Arrival at Unit
    Dec-21-11, 04:19 AM, TEMPE, AZ 85282
    Acceptance
    Dec-20-11, 12:44 PM, YUMA, AZ 85365

    YUMA, AZ to TENNESSEE – 2 DAYS

    Delivered
    Dec-22-11, 13:58 PM, JOHNSON CITY, TN 37601
    Arrival at Post Office
    Dec-22-11, 08:15 AM, JOHNSON CITY, TN 37601
    Depart USPS Sort Facility
    Dec-22-11, 00:00 AM, KNOXVILLE, TN 37950
    Processed through USPS Sort Facility
    Dec-21-11, 23:29 PM, KNOXVILLE, TN 37950
    Processed through USPS Sort Facility
    Dec-21-11, 01:50 AM, PHOENIX, AZ 85043
    Dispatched to Sort Facility
    Dec-20-11, 17:04 PM, YUMA, AZ 85364
    Acceptance
    Dec-20-11, 12:44 PM, YUMA, AZ 85365

    YUMA, AZ to BESSEMER, AL – 4 DAYS

    Delivered
    Dec-23-11, 09:59 AM, BESSEMER, AL 35022
    Out for Delivery
    Dec-23-11, 08:29 AM, BESSEMER, AL 35020
    Sorting Complete
    Dec-23-11, 08:19 AM, BESSEMER, AL 35020
    Arrival at Post Office
    Dec-23-11, 04:33 AM, BESSEMER, AL 35020
    Processed through USPS Sort Facility
    Dec-22-11, 13:53 PM, BIRMINGHAM, AL 35222
    Depart USPS Sort Facility
    Dec-22-11, 00:00 AM, PHOENIX, AZ 85043
    Processed through USPS Sort Facility
    Dec-20-11, 07:42 AM, PHOENIX, AZ 85043
    Dispatched to Sort Facility
    Dec-19-11, 16:58 PM, YUMA, AZ 85364
    Acceptance
    Dec-19-11, 12:32 PM, YUMA, AZ 85365

    I wasn’t even going to comment but the character assassination of the Post Office regarding their supposed inefficiency (AND the one comment implying the unions are to blame even though they made nothing but concessions the last contract trying to help make the system work) needed to be rebuked.

  • STinMN

    So after reading the complaints and the direction the commenters have tried to steer it I have to wonder if any of them actually use the US Mail? My experience tells me that these complaints seem to be nothing more than the figment of rabid right-wing imaginations.

    I guess my imagination delivered 2 of my 4 missing packages today. When I asked the driver if he happened to have another 2 for us, and he just smiled and walked away. I was going to posts all 4 of the packages tracking info, but since those 2 haven’t been updated for delivery, here are the other 2:

    December 13, 2011 08:15:00 AM Plymouth MN US Out for delivery
    December 13, 2011 03:29:54 AM Fedex Smartpost Brooklyn Park MN US Departure Scan
    December 13, 2011 03:29:00 AM Fedex Smartpost Brooklyn Park MN US In transit to pickup location
    December 12, 2011 10:54:00 AM Fedex Smartpost Brooklyn Park MN US Arrival Scan
    December 9, 2011 05:10:20 PM Fedex Smartpost Martinsburg WV US Departure Scan
    December 9, 2011 05:10:00 PM Fedex Smartpost Martinsburg WV US In transit to pickup location
    December 9, 2011 03:11:00 PM Fedex Smartpost Martinsburg WV US Arrival Scan
    December 9, 2011 05:53:00 AM US Shipment has left seller facility and is in transit

    December 19, 2011 08:17:00 AM Plymouth MN US Out for delivery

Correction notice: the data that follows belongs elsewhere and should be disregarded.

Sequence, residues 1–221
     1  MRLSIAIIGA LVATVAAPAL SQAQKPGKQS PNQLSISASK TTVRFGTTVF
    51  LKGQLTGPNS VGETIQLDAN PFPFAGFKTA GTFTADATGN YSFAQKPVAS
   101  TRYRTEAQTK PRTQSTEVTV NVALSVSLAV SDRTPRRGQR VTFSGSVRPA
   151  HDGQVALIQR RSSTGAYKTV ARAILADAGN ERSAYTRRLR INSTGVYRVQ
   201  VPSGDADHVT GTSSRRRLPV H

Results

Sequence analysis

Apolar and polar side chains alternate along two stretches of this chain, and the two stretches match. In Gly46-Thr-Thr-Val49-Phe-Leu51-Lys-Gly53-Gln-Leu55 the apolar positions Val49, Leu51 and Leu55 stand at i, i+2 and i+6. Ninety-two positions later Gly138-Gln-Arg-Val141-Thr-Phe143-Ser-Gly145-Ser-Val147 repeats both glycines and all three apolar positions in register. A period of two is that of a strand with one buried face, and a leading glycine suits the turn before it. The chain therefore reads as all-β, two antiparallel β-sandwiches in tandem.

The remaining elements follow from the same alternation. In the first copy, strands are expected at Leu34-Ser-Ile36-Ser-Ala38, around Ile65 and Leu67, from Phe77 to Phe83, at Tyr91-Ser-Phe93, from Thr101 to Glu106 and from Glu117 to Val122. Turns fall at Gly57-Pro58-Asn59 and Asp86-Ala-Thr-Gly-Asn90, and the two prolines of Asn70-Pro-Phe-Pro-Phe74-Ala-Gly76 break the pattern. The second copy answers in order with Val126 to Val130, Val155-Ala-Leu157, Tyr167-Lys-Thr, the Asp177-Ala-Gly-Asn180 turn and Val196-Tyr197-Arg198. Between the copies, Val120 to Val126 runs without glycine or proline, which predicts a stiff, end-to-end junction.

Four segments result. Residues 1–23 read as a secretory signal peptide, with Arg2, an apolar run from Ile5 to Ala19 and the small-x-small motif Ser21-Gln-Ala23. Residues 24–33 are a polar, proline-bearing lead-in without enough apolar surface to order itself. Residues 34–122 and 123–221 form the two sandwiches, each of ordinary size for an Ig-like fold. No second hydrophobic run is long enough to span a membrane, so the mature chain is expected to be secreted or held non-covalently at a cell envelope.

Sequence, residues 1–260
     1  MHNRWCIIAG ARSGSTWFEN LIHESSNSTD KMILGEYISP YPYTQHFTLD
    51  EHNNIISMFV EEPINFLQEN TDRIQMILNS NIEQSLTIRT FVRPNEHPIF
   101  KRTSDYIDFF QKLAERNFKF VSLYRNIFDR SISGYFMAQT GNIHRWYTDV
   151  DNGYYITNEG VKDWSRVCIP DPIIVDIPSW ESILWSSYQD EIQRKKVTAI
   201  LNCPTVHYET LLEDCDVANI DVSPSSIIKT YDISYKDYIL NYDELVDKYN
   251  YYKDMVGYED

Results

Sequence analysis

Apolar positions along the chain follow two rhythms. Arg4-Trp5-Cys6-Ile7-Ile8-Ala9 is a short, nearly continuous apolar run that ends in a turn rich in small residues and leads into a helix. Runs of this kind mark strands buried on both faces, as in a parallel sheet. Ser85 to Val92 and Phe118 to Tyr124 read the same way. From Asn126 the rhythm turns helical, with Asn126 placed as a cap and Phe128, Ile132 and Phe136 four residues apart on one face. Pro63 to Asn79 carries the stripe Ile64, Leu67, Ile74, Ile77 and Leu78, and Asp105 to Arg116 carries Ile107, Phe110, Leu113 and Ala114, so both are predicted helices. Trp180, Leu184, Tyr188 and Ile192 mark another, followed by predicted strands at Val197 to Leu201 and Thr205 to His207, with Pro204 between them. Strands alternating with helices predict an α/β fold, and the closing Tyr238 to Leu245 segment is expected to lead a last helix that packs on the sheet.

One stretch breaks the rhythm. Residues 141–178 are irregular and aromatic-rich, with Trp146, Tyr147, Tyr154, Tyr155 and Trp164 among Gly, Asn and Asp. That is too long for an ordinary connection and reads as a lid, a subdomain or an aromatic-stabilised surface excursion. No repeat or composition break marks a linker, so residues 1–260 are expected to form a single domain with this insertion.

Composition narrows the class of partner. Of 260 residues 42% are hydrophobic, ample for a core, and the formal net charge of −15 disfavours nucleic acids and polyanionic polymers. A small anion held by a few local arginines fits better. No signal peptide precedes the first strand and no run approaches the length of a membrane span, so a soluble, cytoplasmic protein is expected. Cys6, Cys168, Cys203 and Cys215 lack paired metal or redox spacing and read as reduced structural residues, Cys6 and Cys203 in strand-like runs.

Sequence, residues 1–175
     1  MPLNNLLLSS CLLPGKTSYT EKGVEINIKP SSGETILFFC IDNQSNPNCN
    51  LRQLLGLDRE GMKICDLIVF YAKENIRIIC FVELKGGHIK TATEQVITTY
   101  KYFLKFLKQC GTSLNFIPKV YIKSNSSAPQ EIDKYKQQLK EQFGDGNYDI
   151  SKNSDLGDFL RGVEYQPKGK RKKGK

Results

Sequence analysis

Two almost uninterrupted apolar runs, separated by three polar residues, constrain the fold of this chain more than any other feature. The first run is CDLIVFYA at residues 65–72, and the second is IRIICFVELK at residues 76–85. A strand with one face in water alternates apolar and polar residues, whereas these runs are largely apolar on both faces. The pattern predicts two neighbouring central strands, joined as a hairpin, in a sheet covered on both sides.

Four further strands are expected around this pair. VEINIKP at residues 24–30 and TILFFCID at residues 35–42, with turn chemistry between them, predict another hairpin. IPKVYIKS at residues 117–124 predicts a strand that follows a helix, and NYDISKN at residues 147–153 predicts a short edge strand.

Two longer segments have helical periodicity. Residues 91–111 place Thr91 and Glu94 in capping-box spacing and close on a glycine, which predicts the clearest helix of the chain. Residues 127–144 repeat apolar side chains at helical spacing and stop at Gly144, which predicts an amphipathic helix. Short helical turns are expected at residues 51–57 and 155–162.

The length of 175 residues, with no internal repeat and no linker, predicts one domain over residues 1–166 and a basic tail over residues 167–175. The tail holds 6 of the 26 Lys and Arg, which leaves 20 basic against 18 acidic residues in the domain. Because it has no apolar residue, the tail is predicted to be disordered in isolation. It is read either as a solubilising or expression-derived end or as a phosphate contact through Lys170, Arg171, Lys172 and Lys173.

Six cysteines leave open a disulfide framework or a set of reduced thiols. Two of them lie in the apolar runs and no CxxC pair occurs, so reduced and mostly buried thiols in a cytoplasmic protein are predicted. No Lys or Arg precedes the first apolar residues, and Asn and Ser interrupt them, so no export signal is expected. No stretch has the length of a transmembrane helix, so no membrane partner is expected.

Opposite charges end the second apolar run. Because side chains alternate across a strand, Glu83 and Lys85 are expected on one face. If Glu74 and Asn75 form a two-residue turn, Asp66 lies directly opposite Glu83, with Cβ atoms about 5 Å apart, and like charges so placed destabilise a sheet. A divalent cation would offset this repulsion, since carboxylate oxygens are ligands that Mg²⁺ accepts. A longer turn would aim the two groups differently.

December 18, 2011 04:21:00 AM Plymouth MN US Arrival Scan
    December 16, 2011 01:08:44 AM Fedex Smartpost Brooklyn Park MN US Departure Scan
    December 16, 2011 01:08:00 AM Fedex Smartpost Brooklyn Park MN US In transit to pickup location
    December 15, 2011 06:15:00 PM Fedex Smartpost Brooklyn Park MN US Arrival Scan
    December 14, 2011 10:35:00 PM Hebron KY Departure Scan
    December 14, 2011 05:04:14 PM Hebron KY Arrival Scan
    December 13, 2011 10:53:00 AM US Shipment has left seller facility and is in transit

    And here’s the traking info for a previously delivered package:

    December 5, 2011 10:53:00 AM Plymouth MN US Delivered
    November 21, 2011 08:32:00 AM Plymouth MN US Out for delivery
    November 21, 2011 05:16:00 AM Plymouth MN US Arrival Scan
    November 18, 2011 09:53:00 AM Saint Louis MO US Departure Scan
    November 17, 2011 10:39:00 PM Saint Louis MO US Arrival Scan
    November 19, 2011 — US Shipment has left seller facility and is in transit

    Maybe the carriers hate the FedEx/USPS arrangement and just don’t deliver them, but in any case the USPS is putting itself out of business. The have become my last choice for shipping anything.

  • SteveK

    When I asked the driver if he happened to have another 2 for us, and he just smiled and walked away.

    AND? Are you saying you expect a mail carrier to be able to tell you where your package is? That’s just too funny… your knowledge of how the USPS runs is shall we say minimal.

    The USPS Carrier doesn’t have a computer in his/her truck that’s probably why the costs for mailing a letter between all the services is so radically different.

    A 1 oz letter anywhere in the US costs:

    • 45¢ USPS First Class mail – 2 to 4 day delivery
    • $21.38 by UPS – 2 day delivery
    • $16.30 by FedEx 6-Day delivery

    And of these services only the Post Office delivers “anywhere”.

    Going back to STinMN ‘timeliness’ examples:
    #1 – FedEx – Martinsburg WV to Plymouth MN = 4 days
    #2 – FedEx – Hebron KY to Plymouth MN = 6 days
    #3 – USPS – St. Louis MO to “Out for Delivery” in Plymouth MN = 2 days PLUS 14 days to find someone home to sign for it.

    Sounds to me like the Post Office wins again and had STinMN been available for his “signature required” delivery he’d have had his package in 3 days.

  • SteveK